November 13, 2009 2:00 am
Labour last night claimed victory in the Glasgow North East by-election in a result that will be a boost to Gordon Brown.
The by-election resulted from the resignation of Michael Martin, the former Commons speaker, who stepped down at the height of the summer row over MPs' expenses.
The result will be a relief to the prime minister, although the Scottish National party managed to reduce sharply Labour's previous majority of 10,134 votes. Labour had been nervous about defending what is one of Scotland's most deprived constituencies, not least because the SNP last year won a famous victory in the adjoining constituency of Glasgow East, overturning a majority of 13,507 in what had been one of Labour's safest seats.
Willie Bain, the Labour candidate, fought a strong campaign that stressed his local roots.
The result confirms that last autumn's financial meltdown - which saw the near collapse of the two largest Edinburgh-based banks, Royal Bank of Scotland and HBOS - has checked the momentum of the SNP, which had appeared to be on a roll after ousting Labour from power at Holyrood in 2007.
This is the second time within a year that Labour has held off an SNP by-election challenge.
In November Labour benefited from the prime minister's decisive intervention in the banking crisis and comfortably held on to Glenrothes, the seat adjoining Mr Brown's constituency.
Glasgow North East was always a difficult prospect for the SNP, which at the general election took only 18 per cent of the votes, even though the Liberal Democrats and Conservatives followed Westminster convention and did not stand against the speaker.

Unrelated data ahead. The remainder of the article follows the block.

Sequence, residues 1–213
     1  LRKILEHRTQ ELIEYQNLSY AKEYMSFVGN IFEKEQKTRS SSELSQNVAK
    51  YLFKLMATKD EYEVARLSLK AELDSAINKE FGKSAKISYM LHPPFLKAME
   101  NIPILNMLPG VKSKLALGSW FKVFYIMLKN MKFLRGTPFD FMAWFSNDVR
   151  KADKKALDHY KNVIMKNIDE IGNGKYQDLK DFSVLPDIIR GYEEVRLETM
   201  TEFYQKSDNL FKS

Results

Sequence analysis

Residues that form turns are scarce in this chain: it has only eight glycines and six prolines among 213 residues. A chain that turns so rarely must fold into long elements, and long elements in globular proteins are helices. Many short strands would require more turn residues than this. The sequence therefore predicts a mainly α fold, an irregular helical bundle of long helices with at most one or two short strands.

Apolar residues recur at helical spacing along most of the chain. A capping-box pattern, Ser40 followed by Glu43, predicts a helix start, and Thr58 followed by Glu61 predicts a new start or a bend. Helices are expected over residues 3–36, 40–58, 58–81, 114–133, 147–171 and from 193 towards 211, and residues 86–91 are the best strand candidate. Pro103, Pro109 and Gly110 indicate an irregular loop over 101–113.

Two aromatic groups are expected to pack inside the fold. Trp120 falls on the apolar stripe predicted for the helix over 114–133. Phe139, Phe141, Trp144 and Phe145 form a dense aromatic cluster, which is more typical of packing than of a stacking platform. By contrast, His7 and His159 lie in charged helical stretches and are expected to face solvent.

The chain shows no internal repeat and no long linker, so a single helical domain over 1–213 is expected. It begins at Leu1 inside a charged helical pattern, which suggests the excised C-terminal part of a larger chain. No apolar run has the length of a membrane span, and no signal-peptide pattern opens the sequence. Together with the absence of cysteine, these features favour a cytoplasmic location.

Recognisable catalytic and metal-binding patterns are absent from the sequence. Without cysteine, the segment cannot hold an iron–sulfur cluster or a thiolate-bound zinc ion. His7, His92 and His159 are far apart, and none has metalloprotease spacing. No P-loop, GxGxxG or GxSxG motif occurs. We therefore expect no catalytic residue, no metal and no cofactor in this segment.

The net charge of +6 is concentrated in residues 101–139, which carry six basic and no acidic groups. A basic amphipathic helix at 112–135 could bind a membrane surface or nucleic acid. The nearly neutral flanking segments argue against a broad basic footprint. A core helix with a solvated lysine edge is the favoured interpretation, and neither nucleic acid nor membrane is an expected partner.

There was local sympathy for Mr Martin - who has since become Lord Martin of Springburn - with some voters expressing resentment over the way he was mocked for his Glaswegian accent and working class origins.
However, there was also disgust expressed with all politicians, and turnout slumped to about 33 per cent - down from 46 per cent in 2005 - the lowest recorded in a Scottish by-election.
This sense of disgruntlement with conventional politics was also predicted to have helped the British National party to take third place - the first time the party has saved its deposit in a Scottish by-election.
The result is a setback for Alex Salmond, the SNP leader, who adopted a low profile during the campaign.
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